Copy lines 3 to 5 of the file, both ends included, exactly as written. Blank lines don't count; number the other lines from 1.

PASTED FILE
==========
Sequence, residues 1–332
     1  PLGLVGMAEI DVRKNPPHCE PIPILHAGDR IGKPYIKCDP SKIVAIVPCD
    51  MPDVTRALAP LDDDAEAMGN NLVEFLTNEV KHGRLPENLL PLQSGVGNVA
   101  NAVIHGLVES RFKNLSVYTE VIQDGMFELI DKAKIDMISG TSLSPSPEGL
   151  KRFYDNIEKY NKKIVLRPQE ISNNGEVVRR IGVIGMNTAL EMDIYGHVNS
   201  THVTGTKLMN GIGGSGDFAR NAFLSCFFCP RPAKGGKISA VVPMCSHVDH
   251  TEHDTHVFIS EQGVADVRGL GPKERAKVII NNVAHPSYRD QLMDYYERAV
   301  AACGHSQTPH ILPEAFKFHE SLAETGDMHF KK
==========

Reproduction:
    51  MPDVTRALAP LDDDAEAMGN NLVEFLTNEV KHGRLPENLL PLQSGVGNVA
   101  NAVIHGLVES RFKNLSVYTE VIQDGMFELI DKAKIDMISG TSLSPSPEGL
   151  KRFYDNIEKY NKKIVLRPQE ISNNGEVVRR IGVIGMNTAL EMDIYGHVNS